“’We’re looking at all the options,’ said S. Dale High, president and CEO of High Industries Inc., parent company of the real estate group.

‘We see it as a mixed-use building.’

Downtown merchants and others have suggested a variety of museums, giant-screen and foreign film theaters, heritage-oriented shops, a visitor’s center and restaurants.

High said his organization intends to carry out a full market analysis to find the right combination of uses that will succeed in the building.

We’re not going to rush and do something shortsighted,’ he said. ‘We want something with long-term value for the community.’”

If one put together a ‘dream team’ of Lancaster County businesses to form a business alliance in Lancaster County, Penn Square Partners would be that team.

High Real Estate, a subsidiary of High Industries, was the designated “General Partner” of “Penn Square General Corp.” –  the legal name of the partnership. Lancaster Newspapers, Inc. and Fulton Financial Corp. were limited partners, with Fulton taking a smaller investment share.

At the time the new Penn Square Partnership was formed, in February, 1998, S. Dale High had been head of the High companies since 1977.

Sanford H. High, Dale’s father, founded the company, then called High Welding Co., in 1931 with Sanford’s brother, Benjamin. It became High Steel, and subsequently High Industries became the name of the parent company.

Dale, as he was known, was the youngest of Sanford’s three sons. Calvin was ten years Dale’s senior and Donald between them in age.

Dale was the only one of the three boys to graduate from college; (Calvin left after one year; there is no record of Donald attending any college). Dale graduated from Elizabethtown College in 1963, with a degree in business administration. Calvin worked alongside his father in the executive branch of the business, and was president of the steel company for a few years in the early 1970s. Donald took a quieter, more modest career path, and operated a crane for 50 years.

When Dale came to work for the family company in 1963, High Steel had 60 employees and gross revenues of about $1 million per year. By 1997, annual revenues were approaching half a billion dollars, the corporation had dramatically diversified its services, and personnel had grown to nearly 3,000. Dale was largely responsible for that growth.

From the inception of the company in 1931, until the time Dale, at age 35, took it over in 1977, High companies owned no hotels. From 1988 to 1998, with Dale leading the company, High’s new hotel division built or purchased eight hotels.  And a hotel seems to be what Dale had in mind for Penn Square from the start.

John H. “Jack” Buckwalter, like his father, Isaac Z. “Izzy” Buckwalter, was a lifer with the company, owned for more than a century by the Steinman family.

Jack was a city boy and, after graduating from McCaskey High School, stayed home and took a degree from Franklin & Marshall College, before earning an MBA at Harvard. He followed his father into the newspaper business and, according to a puff piece written about him in 1996 in the Intelligencer Journal, Buckwalter rode to and from work with dad for a period of seven years.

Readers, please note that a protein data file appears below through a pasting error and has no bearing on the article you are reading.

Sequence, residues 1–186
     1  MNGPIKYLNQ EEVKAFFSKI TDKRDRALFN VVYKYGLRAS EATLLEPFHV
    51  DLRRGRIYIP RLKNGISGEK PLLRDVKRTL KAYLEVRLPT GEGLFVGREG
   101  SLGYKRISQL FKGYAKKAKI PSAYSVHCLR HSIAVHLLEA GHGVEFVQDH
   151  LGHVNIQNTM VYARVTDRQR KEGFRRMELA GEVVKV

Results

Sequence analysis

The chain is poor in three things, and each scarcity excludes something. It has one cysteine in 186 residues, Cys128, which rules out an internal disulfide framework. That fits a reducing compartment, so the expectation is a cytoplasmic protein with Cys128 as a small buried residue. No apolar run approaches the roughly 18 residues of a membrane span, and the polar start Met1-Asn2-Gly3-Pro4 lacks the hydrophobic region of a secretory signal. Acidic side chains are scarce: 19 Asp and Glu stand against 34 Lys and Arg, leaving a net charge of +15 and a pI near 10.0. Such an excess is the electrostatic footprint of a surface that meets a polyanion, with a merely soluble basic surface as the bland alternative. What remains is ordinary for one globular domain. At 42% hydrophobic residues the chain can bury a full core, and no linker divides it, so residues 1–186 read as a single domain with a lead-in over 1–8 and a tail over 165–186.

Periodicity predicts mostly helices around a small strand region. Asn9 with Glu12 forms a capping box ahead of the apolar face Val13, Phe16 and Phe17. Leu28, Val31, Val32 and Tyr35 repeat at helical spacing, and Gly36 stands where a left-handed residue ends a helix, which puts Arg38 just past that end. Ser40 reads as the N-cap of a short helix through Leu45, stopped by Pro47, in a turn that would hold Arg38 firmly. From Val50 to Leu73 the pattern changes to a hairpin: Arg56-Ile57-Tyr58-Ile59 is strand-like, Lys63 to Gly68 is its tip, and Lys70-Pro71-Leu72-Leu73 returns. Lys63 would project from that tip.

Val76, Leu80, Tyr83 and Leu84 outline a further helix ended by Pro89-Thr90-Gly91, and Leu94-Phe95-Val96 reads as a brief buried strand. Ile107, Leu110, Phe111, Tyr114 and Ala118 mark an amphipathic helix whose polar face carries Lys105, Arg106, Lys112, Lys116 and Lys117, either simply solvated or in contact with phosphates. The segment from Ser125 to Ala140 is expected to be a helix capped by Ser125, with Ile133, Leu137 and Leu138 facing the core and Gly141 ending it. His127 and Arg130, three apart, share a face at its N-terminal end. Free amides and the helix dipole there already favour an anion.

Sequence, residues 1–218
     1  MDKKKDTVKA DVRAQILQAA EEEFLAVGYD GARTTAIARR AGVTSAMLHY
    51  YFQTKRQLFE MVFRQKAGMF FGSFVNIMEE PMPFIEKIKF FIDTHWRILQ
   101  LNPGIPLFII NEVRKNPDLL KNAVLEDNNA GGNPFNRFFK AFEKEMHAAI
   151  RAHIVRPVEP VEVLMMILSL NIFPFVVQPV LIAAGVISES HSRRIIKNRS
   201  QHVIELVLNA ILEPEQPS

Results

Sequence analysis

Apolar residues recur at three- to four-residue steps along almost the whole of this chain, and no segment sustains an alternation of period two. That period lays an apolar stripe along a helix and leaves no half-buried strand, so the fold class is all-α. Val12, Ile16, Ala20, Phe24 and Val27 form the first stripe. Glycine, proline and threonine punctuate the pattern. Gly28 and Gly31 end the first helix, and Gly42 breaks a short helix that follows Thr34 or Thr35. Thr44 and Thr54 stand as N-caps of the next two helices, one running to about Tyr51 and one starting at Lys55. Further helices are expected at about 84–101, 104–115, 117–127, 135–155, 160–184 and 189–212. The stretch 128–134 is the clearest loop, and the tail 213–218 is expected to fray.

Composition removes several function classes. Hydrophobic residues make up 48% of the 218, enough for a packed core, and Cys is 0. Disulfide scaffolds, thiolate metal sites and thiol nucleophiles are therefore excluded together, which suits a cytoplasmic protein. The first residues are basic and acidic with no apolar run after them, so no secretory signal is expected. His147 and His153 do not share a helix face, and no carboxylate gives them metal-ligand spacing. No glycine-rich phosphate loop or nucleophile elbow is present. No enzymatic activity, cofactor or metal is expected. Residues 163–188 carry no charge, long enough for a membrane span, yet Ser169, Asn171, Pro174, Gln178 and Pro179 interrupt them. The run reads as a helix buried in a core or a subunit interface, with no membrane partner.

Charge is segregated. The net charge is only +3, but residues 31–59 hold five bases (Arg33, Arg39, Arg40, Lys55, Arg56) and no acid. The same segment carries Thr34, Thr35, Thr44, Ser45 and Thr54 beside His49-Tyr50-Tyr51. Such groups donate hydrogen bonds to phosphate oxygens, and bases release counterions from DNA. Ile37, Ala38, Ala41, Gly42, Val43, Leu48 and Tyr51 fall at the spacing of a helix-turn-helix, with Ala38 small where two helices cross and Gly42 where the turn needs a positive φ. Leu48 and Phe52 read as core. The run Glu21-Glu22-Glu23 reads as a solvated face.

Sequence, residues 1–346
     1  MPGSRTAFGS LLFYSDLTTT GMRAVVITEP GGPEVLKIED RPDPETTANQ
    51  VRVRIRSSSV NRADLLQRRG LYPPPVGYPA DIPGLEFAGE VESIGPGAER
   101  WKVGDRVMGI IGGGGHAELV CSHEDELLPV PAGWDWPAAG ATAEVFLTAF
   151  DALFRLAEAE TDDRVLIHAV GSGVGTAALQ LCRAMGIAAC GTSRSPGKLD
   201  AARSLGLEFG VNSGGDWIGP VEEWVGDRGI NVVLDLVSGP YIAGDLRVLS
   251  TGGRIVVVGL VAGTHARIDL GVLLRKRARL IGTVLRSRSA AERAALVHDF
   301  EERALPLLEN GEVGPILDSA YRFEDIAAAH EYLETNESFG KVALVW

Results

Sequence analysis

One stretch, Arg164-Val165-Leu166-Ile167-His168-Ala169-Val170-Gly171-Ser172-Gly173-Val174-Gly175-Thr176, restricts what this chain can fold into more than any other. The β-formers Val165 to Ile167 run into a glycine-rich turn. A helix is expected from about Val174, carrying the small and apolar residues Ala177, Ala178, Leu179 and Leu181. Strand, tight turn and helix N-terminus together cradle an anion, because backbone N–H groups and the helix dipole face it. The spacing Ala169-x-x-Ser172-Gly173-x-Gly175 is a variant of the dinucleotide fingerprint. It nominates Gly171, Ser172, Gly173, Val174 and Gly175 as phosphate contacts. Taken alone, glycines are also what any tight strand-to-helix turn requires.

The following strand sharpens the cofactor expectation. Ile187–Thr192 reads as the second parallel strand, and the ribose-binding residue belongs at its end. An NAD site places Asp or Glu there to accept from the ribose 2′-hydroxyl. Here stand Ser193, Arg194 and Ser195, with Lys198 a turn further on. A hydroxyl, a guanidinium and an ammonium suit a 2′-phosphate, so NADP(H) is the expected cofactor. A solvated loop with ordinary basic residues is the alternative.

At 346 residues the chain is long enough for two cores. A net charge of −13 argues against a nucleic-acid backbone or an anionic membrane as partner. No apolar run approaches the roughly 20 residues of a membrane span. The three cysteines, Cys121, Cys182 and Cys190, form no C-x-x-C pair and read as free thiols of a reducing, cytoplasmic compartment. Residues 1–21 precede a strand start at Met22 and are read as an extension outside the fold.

In December 1988, 52 year-old Jack M. Buckwalter was named President and CEO of Lancaster Newspapers, Inc. At the time of his big promotion, Buckwalter held the same position as his father before he retired, executive vice president. Now, Jack was in charge of the whole thing – the three broadsheets; the popular farming tabloid; the Spanish paper, everything.

Rufus A. Fulton, Jr. (no relation to the bank’s namesake founder) had spent his professional life, about 30 years, with Fulton Bank before ascending to President and CEO in 1993. Fulton, like Buckwalter, started at the lower rungs of the company ladder; in his case, as an entry level trust officer trainee, and climbed to the top of the bank’s management hierarchy.

Fulton, like Buckwalter, was an early supporter of the HACC plan before it was killed. Both Rufus and Jack were also close social friends, who often lunched together at the exclusive, members-only Hamilton Club.

By early 1998, it was clear that HACC was definitely not coming downtown. Charlie Smithgall and the majority Republican, anti-HACC city council assured that. Now, the three partners – led by High – had to figure out something to do with the building they just bought.

On February 19, 1998, two days after it was announced that Penn Square Partners had purchased the Watt & Shand Building, a public presentation of Lancaster Campaign’s vision for downtown was held at the Armstrong World Industries headquarters on Liberty Street in Lancaster. The auditorium was reportedly filled with “hundreds of people,” according to the Intelligencer Journal.

At that meeting, Bert Winterbottom spoke: “If the renovation to the Brunswick is significant,” he was quoted in the Intell article, “and if you can create that conference center, I predict that within five or six years you’ll have a second hotel.”

At this point, in early months 1998, they were still calling it a “conference center”, perhaps in part at that time because at that time there was state funding for conference centers, and still locating it at the Brunswick in Lancaster Square. Both of those things were about to change.

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Chapter Three: Helping Hands in Harrisburg